Clarke and Goddard explain how the parts of the fly that are seen in the window merge with the parts that are on the film as naturals and artificials approach and enter the window. To illustrate the concept, they use an up-wing pattern, specifically the mayfly because the mayfly wing being an up-wing is visible earlier in the window.Silver,
You say that trout can see color. Also, In the first link you posted as a reference (How does a trout catch a fly?) about a quarter of the way down, which mentions the following;
"Therefore a trout has two cues that an approaching object may be edible:
1. body parts that break through the 'mirror'
2. wings appearing in the window
The next diagram shows what part of an insect are visible as it drift downstream towards a waiting trout.
At first only the legs are visible beneath the mirror ( ^ ^ in the diagram)
then as the insect gets nearer, the trout can see more and more of the fly's wings in its window ( 1 and 2 in the diagram below)
finally, when the insect reaches the edge of the trout's window, all of its body can be seen (3 in the diagram below)
Wings maintain the trout's attention on the fly as the fish rises towards the surface to intercept the fly."
Should we pay attention to the color of the post on say a parachute dry fly? Is it appropriate to assume that a colored post may not posses one of the cues a trout uses to determine if the fly is edible?
I would appreciate your thoughts on this. I also get that for some of us and for the small size of some of the flies we fish, our ability to see the fly may override the need to make that fly look more edible and that a smaller size may eliminate a trout's ability to see the post.
Thanks Silver!Clarke and Goddard explain how the parts of the fly that are seen in the window merge with the parts that are on the film as naturals and artificials approach and enter the window. To illustrate the concept, they use an up-wing pattern, specifically the mayfly because the mayfly wing being an up-wing is visible earlier in the window.
Before we can even discuss whether wings are important, we need to back up one step and decide whether shape is important. Since the wing profile of a mayfly is a major part of the shape of a mayfly, if shape is important, then the upright wings of a mayfly must be important. So for an adult pattern (subimago or imago), I believe that the wing is a necessary part of any imitation.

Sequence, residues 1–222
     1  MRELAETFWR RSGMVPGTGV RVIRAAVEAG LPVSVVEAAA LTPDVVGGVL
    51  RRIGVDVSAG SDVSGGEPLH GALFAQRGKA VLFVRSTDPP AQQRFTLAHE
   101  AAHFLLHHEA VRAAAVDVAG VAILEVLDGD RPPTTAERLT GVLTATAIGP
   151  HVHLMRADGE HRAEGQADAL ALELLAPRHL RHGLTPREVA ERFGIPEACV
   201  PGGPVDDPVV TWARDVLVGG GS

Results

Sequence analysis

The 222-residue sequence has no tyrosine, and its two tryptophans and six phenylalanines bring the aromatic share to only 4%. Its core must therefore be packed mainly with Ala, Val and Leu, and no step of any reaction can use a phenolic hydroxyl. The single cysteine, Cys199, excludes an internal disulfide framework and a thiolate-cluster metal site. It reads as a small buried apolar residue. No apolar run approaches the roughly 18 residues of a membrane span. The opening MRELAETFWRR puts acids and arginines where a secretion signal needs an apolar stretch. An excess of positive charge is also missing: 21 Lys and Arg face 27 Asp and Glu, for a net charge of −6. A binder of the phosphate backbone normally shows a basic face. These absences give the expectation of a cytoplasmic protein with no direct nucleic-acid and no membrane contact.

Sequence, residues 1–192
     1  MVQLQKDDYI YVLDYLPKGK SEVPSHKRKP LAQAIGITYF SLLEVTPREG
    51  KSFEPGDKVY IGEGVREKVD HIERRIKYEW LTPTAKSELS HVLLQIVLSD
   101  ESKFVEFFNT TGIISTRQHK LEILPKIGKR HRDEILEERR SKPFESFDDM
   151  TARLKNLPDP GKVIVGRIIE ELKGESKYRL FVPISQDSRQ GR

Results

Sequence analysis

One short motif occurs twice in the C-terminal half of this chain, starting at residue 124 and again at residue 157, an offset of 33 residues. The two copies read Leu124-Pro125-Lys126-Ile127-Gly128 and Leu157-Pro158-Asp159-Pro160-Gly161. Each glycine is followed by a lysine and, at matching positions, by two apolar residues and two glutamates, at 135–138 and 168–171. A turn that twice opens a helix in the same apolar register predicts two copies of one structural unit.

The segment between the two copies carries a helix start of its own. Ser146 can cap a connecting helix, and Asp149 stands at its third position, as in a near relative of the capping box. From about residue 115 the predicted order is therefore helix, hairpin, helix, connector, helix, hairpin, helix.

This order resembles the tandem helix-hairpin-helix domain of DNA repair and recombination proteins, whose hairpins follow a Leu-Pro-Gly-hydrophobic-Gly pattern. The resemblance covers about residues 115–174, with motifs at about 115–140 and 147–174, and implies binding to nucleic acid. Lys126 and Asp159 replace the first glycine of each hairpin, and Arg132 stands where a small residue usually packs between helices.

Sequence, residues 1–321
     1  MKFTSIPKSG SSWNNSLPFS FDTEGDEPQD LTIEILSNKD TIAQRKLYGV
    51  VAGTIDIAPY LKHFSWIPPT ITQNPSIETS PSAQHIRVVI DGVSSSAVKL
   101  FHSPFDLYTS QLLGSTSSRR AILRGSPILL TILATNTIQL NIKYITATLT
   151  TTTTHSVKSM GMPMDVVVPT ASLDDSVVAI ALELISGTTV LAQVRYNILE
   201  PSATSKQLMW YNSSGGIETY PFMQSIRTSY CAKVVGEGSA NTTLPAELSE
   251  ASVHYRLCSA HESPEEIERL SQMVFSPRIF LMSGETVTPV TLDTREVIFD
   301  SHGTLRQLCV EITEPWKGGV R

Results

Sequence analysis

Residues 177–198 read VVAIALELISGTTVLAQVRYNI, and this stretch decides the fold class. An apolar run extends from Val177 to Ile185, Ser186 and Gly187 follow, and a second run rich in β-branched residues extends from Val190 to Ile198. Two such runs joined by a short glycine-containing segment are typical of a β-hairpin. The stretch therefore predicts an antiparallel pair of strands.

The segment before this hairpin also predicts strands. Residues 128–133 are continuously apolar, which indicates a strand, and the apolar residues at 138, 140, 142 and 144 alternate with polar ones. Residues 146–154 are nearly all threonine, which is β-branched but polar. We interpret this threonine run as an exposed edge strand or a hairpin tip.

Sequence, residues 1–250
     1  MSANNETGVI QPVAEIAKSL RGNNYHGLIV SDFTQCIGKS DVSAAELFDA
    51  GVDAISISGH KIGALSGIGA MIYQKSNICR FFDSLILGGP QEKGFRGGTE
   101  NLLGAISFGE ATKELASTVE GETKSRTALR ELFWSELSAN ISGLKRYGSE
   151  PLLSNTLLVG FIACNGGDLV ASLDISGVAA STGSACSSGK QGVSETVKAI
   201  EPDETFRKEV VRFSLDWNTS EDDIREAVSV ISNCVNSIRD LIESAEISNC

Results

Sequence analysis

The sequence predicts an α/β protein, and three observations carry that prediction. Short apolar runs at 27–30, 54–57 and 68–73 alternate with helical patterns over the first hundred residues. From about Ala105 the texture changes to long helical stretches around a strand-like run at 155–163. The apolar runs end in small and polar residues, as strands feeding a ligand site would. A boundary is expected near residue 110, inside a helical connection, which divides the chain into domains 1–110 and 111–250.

To address the specific question about the color of a post on a parachute fly, I believe that a parachute fly is NOT an imitation of an adult mayfly. The hackle being above the body means the body of a parachute is in the film. Also the post of a parachute is not the shape of a mayfly wing. I believe a parachute fly is a emerger imitation.
What the post represents is the emerging wing and body before the wing expands by being having their wings pumped full of liquid. The post represents the amorphous shape of the emerging body and folded wings.
I am not sure what the actual color of the emerger is at each mini stage of emergence. Emergence is a continuum and I would be surprised if the color of the emerging body/wing complex was the same color as the adult mayfly wing at all times.
So my practical way of dealing with this conundrum was to either use a white post, or a light grey post, or a post that is the about the color of the adult mayfly body. Quite frankly, I don't know that it has made much difference. Now I use a white post since it is easy to see but I have seen optic yellow and optic pink posts on some patterns. I don't use these colors myself.
As for the wing of an adult pattern, I do try to match those for color. When I do not have the color close to the natural, my strategy has been to use grey about the same shade as the natural wing. My theory here is that if the color is not right, at least the shade (the amount of grey reflected) is about the same as the amount of color reflected from the real insect wing.
When fishing small flies or flies that sit low in the water such as ant patterns, I use a bit of strike putty (Biostrike) that is place about 18" from the fly. That is my proxy for the fly. When it drags, I pick up and recast. When there is a rise that could be to my fly, I strike.
Understood... a still somewhat immature adult yet to sprout full wings and fly away. Thank you for your insight Silver!I do think the post on parachutes are visible in the window before the body enters the window. Trout have poor vision so I suppose they could take them as wings early on before the entire fly enters the window. I am convinced that when the fish sees the complete parachute fly lying in the film and the post above, it takes it for an emerger rather than as a completely emerged dun.